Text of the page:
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Microsoft concerned about IE disclosure

Microsoft said it is investigating public reports of new flaws in Internet Explorer, and expressed concern the details were disclosed to the public. The Chinese researcher who found the flaws said he did not report them first to Microsoft because he felt cheated that Redmond did not credit him for finding a previous flaw.

Microsoft is downplaying the release of purported vulnerabilities in Internet Explorer 6. The flaws were revealed...

late last week.

"We have not been made aware of any active exploits of the reported vulnerabilities or customer impact at this time, but we are aggressively investigating the public reports," said Stephen Toulouse, security program manager for Microsoft Security Response Center, in a statement.

If a fix is needed, the company will take "appropriate action to protect" customers, either in the monthly patch release or an out-of-cycle patch, Toulouse said.

Late last week, Liu Die Yu, an independent Chinese security researcher, posted the details of several flaws affecting Internet Explorer 6 to security mailing lists. The vulnerabilities can allegedly allow remote attackers to compromise systems.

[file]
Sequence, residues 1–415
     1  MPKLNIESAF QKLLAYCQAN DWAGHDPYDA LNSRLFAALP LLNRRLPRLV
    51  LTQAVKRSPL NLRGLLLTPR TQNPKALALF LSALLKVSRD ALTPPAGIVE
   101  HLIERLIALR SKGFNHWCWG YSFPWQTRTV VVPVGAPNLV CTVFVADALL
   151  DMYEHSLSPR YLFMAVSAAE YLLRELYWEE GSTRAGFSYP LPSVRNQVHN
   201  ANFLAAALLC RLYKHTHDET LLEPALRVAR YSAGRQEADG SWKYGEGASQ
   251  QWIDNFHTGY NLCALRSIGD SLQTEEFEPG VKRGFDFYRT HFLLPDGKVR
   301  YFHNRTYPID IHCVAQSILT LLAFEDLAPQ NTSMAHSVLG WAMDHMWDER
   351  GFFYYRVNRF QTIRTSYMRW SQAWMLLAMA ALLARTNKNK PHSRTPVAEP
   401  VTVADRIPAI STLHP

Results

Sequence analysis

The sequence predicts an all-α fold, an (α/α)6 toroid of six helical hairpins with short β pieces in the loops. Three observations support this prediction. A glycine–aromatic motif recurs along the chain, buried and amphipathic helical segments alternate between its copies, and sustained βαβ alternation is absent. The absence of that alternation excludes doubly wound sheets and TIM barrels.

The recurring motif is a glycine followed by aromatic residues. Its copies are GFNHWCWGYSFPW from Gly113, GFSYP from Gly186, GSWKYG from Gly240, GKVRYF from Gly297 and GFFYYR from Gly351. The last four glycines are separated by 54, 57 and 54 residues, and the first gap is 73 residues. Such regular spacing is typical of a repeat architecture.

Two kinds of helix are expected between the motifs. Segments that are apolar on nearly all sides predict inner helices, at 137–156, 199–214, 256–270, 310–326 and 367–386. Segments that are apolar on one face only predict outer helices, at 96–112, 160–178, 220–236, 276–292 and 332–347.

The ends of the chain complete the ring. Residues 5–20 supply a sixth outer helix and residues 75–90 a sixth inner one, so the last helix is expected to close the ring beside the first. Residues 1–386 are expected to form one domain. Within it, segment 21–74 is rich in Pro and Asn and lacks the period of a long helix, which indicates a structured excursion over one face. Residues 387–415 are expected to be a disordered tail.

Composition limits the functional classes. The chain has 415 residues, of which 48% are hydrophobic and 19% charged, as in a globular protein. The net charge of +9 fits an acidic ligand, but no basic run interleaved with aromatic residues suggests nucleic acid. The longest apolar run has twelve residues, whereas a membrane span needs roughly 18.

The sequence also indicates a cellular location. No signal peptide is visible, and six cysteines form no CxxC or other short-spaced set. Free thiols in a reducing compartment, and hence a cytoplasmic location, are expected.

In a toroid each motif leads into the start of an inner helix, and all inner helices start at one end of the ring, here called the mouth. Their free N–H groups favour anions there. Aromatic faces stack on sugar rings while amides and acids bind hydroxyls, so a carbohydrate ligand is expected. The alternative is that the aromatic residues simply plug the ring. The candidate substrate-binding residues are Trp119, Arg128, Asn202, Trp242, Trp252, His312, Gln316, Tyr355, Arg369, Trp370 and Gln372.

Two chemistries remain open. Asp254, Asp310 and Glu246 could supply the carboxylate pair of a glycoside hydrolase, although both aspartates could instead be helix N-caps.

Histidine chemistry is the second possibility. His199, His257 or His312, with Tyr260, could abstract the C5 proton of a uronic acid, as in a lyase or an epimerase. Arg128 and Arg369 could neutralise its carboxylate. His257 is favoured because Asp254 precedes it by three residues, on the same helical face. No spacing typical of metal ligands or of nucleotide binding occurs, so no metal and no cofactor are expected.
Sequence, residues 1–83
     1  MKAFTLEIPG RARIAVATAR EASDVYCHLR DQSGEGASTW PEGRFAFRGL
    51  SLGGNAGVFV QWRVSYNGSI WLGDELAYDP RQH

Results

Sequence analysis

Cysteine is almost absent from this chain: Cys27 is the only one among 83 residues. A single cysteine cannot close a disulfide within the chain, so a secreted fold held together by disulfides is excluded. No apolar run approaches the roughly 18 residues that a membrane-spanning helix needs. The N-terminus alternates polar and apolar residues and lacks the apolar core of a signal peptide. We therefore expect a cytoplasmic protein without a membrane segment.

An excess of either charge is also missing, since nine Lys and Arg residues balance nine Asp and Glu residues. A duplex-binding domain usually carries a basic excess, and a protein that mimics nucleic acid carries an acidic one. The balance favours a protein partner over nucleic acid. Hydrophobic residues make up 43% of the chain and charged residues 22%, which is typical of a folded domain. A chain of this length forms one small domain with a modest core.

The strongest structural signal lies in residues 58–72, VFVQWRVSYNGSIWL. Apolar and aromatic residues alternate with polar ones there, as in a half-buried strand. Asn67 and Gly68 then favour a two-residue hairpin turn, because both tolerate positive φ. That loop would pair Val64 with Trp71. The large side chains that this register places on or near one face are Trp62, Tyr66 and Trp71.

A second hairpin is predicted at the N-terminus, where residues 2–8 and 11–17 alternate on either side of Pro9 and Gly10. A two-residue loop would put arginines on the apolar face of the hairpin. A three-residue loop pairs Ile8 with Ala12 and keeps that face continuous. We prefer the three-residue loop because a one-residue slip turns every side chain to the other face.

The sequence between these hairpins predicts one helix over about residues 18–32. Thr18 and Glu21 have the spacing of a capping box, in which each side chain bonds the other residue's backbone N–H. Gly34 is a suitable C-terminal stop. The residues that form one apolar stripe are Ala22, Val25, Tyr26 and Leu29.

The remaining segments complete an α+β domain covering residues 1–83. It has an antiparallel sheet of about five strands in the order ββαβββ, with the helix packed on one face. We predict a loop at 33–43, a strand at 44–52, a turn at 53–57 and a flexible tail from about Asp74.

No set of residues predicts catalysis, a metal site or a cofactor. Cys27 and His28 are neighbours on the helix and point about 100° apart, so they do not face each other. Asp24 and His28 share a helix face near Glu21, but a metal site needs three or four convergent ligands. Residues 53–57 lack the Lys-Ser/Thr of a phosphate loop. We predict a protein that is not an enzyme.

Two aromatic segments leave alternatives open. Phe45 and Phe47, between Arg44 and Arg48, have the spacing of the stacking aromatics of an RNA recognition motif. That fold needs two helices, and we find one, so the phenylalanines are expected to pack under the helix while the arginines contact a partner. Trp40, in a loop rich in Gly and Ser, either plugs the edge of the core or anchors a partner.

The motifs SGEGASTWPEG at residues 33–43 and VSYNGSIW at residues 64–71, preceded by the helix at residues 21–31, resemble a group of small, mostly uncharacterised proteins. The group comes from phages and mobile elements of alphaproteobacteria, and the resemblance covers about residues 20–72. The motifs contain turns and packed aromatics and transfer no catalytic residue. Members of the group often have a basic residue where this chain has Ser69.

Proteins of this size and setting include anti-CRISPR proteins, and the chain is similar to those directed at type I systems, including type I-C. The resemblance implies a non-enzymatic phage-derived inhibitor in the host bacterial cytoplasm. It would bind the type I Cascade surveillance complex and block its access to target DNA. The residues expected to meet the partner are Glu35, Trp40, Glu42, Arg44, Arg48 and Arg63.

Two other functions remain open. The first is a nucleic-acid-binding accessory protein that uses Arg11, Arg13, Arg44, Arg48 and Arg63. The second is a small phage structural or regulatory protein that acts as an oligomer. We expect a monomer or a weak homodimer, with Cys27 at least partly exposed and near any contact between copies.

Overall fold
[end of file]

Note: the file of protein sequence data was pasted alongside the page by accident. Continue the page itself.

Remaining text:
In an e-mail interview with, Liu said he found the flaws through trial and error. "I just try and try," he said. "I only tested on IE6, but it doesn't mean they only work on IE6."

In Liu's opinion, the most severe flaw is one that could allow attackers to reach the local security zone and download a file and then execute it.

Since there is no patch available, security experts recommend disabling Active Scripting to minimize any risk associated with the flaws.

There are many non-technical issues surrounding the release of the vulnerabilities. Liu didn't give Microsoft a heads-up about them before releasing them because he felt slighted after the company allegedly didn't give him credit for finding a past flaw.

Microsoft was none too pleased with Liu's lack of cooperation. "Microsoft is concerned that these new reports of vulnerabilities in Internet Explorer were not disclosed responsibly, potentially putting computer users at risk," Toulouse said.

Coincidentally, Apple Computer Inc. faced a similar fate this week. A researcher released the details of a vulnerability he'd found in Apple's OS X operating system because he felt the company was dragging its feet on the matter.

FEEDBACK: Should the researcher have disclosed details of the latest flaws in IE to Microsoft before posting them to a security mailing list?
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